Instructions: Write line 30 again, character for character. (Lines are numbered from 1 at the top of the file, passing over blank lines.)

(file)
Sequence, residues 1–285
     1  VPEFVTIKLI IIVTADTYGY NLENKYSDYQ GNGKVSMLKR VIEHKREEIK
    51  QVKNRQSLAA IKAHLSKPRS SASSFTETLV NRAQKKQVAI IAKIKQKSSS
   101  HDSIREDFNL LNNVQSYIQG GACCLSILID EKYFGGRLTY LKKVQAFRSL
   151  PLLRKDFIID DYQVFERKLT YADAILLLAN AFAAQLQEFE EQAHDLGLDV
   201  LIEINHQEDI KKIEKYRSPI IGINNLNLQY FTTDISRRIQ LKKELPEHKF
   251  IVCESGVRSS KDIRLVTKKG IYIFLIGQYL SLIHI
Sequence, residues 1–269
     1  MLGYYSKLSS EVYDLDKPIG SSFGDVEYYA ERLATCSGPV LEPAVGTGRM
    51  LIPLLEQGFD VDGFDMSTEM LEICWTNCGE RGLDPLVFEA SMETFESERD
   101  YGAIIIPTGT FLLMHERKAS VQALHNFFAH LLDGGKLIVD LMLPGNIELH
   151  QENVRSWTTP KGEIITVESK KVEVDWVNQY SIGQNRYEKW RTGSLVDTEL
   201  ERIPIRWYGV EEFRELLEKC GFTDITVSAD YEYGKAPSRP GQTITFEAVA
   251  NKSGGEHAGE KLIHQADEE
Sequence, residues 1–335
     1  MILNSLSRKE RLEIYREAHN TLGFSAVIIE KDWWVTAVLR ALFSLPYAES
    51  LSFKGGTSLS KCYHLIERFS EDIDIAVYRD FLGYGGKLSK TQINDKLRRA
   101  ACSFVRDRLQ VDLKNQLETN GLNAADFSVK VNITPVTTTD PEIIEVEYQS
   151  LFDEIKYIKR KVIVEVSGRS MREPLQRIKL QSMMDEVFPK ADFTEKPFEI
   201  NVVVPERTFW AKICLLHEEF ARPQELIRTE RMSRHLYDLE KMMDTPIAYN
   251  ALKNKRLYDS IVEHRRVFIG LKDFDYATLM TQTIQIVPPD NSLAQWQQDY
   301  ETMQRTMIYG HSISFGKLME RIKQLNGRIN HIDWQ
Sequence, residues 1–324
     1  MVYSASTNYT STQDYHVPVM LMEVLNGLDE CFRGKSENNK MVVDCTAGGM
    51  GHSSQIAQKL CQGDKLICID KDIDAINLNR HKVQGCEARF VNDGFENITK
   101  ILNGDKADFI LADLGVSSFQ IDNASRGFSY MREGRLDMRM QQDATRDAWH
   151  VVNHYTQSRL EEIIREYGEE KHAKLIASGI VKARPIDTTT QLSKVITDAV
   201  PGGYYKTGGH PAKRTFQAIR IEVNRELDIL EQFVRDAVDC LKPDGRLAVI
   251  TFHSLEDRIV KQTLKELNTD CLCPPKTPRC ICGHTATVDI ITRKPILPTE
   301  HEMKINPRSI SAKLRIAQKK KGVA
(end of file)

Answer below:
   301  HEMKINPRSI SAKLRIAQKK KGVA